David DiRamio is an associate professor of higher education administration at Auburn University. Since his first article, "From Combat to Campus," was published in 2008, Dr. DiRamio has emerged as a nationally known researcher and speaker reporting on the emerging population of student veterans in college. His scholarly works include the book "Veterans in Higher Education (2011)," which applies well-known theories and models of college student development to the contemporary phenomenon of the student veteran, and "Creating a Veteran-Friendly Campus (2009)," detailing best practices and how campus leaders can help student veterans succeed. More recent co-authored research about female college student veterans has been published in College Student Journal (2015) and forthcoming in the NASPA Journal About Women in Higher Education (in press, 2015). Dr. DiRamio received both B.S. and M.B.A. degrees from the State University of New York at Buffalo and a Ph.D. in Educational Leadership from the University of Nevada, Las Vegas. David is a U.S. Navy veteran.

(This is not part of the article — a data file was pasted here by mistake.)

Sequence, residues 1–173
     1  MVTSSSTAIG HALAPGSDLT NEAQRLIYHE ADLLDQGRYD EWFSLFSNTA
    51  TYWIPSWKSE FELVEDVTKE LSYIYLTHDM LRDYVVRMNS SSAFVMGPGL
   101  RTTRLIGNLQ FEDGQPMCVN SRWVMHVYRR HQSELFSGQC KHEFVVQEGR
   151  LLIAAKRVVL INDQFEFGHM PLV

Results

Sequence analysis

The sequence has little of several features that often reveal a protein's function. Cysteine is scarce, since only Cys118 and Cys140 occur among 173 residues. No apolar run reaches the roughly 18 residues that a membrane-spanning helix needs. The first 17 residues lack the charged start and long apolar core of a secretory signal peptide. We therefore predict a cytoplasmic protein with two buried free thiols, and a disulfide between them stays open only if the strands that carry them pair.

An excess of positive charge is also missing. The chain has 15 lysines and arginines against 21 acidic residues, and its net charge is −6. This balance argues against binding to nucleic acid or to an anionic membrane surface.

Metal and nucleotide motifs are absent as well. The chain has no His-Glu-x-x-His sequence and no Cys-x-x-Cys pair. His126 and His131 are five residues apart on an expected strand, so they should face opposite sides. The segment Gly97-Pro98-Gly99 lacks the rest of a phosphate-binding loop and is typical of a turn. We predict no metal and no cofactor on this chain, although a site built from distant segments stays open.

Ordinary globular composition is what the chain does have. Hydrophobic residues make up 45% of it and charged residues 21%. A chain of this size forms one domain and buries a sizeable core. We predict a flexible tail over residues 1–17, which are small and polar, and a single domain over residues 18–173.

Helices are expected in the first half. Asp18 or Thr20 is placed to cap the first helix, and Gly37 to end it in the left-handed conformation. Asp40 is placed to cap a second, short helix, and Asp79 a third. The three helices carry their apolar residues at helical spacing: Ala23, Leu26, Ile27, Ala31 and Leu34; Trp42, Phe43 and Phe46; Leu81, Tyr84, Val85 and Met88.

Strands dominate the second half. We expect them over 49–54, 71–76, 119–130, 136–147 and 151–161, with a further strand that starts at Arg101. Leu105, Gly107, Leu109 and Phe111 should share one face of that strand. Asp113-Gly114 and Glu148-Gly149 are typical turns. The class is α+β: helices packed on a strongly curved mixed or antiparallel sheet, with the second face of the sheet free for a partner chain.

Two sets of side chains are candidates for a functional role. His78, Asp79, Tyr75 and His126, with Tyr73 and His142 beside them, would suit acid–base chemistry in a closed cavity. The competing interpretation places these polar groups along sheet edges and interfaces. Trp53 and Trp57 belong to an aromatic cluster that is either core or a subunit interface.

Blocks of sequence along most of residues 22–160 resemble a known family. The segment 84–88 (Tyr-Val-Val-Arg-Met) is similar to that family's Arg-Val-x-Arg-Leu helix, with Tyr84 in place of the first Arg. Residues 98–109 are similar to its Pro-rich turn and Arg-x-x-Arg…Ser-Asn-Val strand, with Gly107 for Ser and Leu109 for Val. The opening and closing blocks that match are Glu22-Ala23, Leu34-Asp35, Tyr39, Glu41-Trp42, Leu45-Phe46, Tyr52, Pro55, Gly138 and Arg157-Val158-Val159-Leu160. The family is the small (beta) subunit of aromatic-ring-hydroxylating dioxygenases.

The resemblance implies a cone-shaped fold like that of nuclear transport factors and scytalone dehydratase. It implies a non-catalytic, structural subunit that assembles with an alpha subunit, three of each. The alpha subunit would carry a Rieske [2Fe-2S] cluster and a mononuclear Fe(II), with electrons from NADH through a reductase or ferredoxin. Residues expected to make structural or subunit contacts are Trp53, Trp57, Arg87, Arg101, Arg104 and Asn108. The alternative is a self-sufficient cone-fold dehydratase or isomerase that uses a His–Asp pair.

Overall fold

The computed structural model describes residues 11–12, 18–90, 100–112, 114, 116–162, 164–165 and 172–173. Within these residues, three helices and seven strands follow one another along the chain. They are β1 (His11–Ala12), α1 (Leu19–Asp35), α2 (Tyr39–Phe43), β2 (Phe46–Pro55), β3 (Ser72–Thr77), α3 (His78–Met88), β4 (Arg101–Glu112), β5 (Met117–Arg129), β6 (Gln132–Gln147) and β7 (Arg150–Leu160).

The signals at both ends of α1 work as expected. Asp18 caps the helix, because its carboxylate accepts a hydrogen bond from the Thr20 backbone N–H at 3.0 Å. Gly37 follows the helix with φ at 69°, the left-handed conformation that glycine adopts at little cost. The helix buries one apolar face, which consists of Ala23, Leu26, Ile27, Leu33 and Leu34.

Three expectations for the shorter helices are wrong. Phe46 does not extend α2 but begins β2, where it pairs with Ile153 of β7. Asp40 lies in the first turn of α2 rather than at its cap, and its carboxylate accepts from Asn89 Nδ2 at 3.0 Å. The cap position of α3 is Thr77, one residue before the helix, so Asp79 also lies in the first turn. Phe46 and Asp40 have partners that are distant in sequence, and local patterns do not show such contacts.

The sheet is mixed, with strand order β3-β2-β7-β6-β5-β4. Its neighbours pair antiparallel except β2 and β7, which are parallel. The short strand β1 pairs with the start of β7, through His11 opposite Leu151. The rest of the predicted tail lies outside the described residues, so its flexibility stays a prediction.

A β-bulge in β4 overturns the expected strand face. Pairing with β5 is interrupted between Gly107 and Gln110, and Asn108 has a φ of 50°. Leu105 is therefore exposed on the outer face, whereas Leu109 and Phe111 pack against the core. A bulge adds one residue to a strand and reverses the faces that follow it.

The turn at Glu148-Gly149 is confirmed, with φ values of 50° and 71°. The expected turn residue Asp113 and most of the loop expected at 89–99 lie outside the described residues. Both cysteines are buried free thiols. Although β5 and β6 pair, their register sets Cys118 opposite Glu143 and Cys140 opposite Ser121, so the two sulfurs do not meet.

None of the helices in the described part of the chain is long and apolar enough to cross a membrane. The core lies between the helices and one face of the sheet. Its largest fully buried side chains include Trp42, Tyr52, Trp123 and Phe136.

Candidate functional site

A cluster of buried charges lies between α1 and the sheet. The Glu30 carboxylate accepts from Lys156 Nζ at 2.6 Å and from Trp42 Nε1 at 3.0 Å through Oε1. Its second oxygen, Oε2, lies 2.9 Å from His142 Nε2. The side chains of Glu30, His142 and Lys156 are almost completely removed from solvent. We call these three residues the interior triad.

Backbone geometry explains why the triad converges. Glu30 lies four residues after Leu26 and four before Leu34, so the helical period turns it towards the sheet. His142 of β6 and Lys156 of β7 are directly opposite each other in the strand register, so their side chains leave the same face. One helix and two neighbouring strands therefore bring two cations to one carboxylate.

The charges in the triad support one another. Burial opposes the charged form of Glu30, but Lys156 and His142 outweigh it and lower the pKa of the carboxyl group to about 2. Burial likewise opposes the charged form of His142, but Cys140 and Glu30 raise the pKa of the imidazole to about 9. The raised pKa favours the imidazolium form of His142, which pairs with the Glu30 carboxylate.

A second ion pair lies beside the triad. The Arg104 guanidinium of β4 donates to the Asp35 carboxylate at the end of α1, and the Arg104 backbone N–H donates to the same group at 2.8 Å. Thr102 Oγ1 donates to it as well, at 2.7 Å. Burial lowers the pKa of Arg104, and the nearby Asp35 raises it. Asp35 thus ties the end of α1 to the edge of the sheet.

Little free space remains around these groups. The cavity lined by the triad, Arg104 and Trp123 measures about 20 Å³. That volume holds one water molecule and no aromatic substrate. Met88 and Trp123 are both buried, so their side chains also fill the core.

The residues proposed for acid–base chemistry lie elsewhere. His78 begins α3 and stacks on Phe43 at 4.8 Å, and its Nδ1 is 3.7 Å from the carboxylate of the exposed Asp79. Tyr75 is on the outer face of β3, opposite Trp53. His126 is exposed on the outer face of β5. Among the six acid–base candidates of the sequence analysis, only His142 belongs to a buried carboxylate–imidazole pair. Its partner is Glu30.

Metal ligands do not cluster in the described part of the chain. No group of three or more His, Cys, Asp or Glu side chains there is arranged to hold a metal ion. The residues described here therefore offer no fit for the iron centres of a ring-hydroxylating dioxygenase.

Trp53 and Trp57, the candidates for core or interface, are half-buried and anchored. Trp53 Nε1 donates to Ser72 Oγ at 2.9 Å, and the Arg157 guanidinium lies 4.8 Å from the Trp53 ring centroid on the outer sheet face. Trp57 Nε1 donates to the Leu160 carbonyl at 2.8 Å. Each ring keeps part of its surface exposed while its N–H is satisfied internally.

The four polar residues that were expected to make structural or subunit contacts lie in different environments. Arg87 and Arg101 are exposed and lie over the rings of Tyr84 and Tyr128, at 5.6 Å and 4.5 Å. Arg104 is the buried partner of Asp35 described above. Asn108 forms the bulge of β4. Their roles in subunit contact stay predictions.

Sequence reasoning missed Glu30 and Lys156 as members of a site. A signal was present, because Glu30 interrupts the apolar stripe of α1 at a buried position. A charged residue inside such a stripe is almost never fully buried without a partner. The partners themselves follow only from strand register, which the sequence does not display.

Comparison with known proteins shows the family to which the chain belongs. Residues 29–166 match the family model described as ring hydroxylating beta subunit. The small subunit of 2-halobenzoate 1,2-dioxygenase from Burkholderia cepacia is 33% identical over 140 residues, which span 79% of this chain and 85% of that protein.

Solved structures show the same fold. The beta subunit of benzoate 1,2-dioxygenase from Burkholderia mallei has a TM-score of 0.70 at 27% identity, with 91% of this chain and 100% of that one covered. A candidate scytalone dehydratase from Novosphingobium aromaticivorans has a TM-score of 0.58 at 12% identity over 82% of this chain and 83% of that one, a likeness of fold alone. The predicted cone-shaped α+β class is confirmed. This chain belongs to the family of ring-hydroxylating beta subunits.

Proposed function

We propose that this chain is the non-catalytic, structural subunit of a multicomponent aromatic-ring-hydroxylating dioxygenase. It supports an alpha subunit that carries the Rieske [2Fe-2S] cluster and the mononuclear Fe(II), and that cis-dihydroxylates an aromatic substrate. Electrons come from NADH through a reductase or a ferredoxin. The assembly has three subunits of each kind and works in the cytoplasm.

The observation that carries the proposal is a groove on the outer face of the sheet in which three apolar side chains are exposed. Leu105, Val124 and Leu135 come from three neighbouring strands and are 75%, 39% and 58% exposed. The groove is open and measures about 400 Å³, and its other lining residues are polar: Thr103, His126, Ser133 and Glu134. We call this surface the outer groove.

Registration Deadline
Course Capacity
May 30 - June 24, 2016 Tuesday May 17, 2016 25 Registrants $425.00


In this online course we will examine the phenomenon of the veteran student in college by integrating best practices, findings from the research literature, and empirically established theories. The course is designed to inform and engage those who provide campus programs and services for veteran students, as well as others in the higher education / student affairs community (campus staff, administrators, faculty, and graduate students conducting thesis or dissertation research). Using a blend of video lectures, required readings, discussion forums, and self-assessments, the course is divided into four parts:

Course Objectives

This course is designed to support students' development of the knowledge, attitudes, and skills needed to:

  • understand the critical issues facing veteran students;

  • recognize of the psychosocial, cognitive, and identity-related concerns of veteran students who a transitioning to college and civilian life;

  • be a critical consumer of the research literature about veteran students;

  • use research to inform decisions about how to best serve the needs of veteran students;

  • be mindful and intentional when working with this unique student population;

  • understand privacy concerns and ethical considerations when working with veteran students;

  • critically examine best practices and organizational policies related to veteran students; and

  • effectively plan and resource programs and service for veteran students.